Resource Option Evaluation and Selection: What Is the Best Resource Option to Select for a Given Utility?

Reliability Analyses for Our Utility System

When Does Our Utility System Need New Resources?

What Is the Magnitude of the New Resources Needed by Our Utility System?

What Have We Learned and What Is Next?

Resource Option Analyses for Our Utility System: Supply Options

Types of Supply Options Under Consideration

Preliminary Economic Screening Evaluation of the Supply Options

Creating the Competing "Supply Only" Resource Plans

Final (or System) Economic Evaluation of Supply Options

Resource Option Analyses for Our Utility System: DSM Options

Types of DSM Resource Options Under Consideration

Preliminary Economic Screening Evaluation of DSM Options: Understanding the Cost-Effectiveness Screening Tests

Preliminary Economic Screening Analyses of DSM Options: Results

Creating the Competing "With DSM" Resource Plans

Final (or System) Economic Analysis of DSM Options

Final Resource Option Analyses for Our Utility System

Economic Comparison of the Resource Plans

Non-Economic Analyses of the Resource Plans

Summary of Results from the Resource Option Analyses for Our Utility System

Are We Done Yet? Other Factors That Can (and Will) Complicate Resource Planning Analyses

Constraints on Solutions: Six Examples

Examples of "Absolute" Constraints

Examples of Legislative/Regulatory-Imposed Constraints

Examples of Utility-Imposed Constraints

What Are the Impacts of Addressing These Constraints?

Final Thoughts (Including Some Opinions)

A Summary of the Key Points We Have Learned About Utility Systems in General

A Summary of the Key Lessons We Have Learned Regarding Utility Resource Planning

A Few Opinions on Various Topics

What Lies Ahead for Electric Utilities and Utility Resource Planning?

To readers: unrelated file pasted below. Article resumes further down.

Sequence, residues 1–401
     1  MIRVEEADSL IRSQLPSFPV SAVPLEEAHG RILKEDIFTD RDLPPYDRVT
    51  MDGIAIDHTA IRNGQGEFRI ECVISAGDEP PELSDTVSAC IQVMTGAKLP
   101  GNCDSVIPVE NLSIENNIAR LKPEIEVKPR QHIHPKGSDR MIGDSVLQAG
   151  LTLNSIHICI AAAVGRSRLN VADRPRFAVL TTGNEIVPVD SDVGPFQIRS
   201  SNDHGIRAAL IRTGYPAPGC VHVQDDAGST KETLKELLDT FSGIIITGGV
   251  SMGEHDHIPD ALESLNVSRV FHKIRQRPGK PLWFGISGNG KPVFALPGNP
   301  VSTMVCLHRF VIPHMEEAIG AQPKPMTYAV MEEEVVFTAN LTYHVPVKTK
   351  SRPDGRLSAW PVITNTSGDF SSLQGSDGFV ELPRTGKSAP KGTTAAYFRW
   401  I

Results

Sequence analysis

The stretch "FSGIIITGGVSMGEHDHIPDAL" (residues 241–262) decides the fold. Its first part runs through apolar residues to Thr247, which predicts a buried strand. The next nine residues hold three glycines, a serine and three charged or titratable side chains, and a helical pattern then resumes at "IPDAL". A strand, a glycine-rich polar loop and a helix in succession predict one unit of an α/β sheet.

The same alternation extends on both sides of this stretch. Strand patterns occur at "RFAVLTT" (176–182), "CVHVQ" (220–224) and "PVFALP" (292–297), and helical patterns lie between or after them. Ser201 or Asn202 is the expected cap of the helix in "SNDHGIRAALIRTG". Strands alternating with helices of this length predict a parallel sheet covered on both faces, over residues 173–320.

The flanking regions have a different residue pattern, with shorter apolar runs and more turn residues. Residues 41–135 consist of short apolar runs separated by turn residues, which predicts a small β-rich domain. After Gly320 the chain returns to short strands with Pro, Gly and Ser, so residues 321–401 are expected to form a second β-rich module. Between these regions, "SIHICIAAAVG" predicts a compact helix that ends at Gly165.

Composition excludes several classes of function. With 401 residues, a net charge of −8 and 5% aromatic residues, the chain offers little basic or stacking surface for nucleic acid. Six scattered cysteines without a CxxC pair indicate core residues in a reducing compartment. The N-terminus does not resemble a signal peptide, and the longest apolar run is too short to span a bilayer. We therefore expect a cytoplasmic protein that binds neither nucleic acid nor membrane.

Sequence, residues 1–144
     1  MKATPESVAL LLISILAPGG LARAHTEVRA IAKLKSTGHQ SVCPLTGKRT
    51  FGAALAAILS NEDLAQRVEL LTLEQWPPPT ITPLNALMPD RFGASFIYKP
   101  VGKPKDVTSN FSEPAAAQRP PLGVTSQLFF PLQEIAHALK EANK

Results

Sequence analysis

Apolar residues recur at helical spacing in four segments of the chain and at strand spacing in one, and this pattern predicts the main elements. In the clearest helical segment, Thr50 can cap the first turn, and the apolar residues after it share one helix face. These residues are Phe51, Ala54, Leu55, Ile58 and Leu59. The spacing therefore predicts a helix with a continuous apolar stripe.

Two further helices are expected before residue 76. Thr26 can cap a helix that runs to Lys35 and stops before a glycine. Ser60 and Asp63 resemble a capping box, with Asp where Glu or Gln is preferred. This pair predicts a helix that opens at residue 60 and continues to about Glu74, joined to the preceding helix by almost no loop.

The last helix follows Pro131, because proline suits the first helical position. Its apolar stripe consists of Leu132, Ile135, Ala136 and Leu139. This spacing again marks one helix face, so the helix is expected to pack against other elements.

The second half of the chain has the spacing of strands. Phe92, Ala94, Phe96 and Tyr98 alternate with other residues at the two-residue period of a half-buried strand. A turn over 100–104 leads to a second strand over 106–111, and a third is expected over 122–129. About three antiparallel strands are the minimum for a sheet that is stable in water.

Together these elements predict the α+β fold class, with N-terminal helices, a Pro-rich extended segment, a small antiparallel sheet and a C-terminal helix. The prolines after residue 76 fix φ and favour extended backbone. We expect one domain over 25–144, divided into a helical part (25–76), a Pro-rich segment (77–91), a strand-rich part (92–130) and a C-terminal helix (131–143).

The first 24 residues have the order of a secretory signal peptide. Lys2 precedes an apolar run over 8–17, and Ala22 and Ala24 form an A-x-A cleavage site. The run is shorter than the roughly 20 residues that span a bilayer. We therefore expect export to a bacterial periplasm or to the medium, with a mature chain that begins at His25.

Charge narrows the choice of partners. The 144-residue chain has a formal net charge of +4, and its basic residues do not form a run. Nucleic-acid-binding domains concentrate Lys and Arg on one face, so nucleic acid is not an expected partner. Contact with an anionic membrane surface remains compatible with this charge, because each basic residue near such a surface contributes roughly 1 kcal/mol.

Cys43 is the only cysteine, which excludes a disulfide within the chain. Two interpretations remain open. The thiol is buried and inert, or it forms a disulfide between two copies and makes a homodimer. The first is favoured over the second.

Appendix A:
Fundamental Principles of Electric Utility Resource Planning

Appendix B: Glossary of Terms

Appendix C: Mini-Lesson #1— Concepts of Revenue Requirements, Present Valuing of Costs and Discount Rates, Cumulative Present Value of Revenue Requirements, and Levelized Costs

Appendix D: Mini-Lesson #2— Further Discussion of the Limitations of a Screening Curve Analytic Approach

Appendix E: Mini-Lesson #3— Further Discussion of the RIM and TRC Preliminary Cost-Effectiveness Screening Tests for DSM

Appendix F: Mini-Lesson #4— How Can a Resource Option Result in Lower Costs, but Increase Electric Rates?

Appendix G: Mini-Lesson #5— How Can a Resource Option That Produces Emissions Lower a Utility’s Total System Emissions? ("The Taxi Cab Example")

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Dr. Steven Sim has worked in the field of energy analysis since the mid-1970s. After graduating from the University of Miami, Florida, with bachelor’s and master’s degrees in mathematics in 1973 and 1975, respectively, he earned a doctorate in environmental science and engineering from the University of California at Los Angeles (UCLA) in 1979, with an emphasis on energy. That year, Dr. Sim joined Florida Power & Light Company (FPL), a subsidiary of NextEra Energy, Inc. and one of the largest electric utilities in the United States. Since then, he has conducted, supervised, and/or collaborated on thousands of analyses designed to examine how FPL can best serve its customers given changing circumstances, laws, and regulations.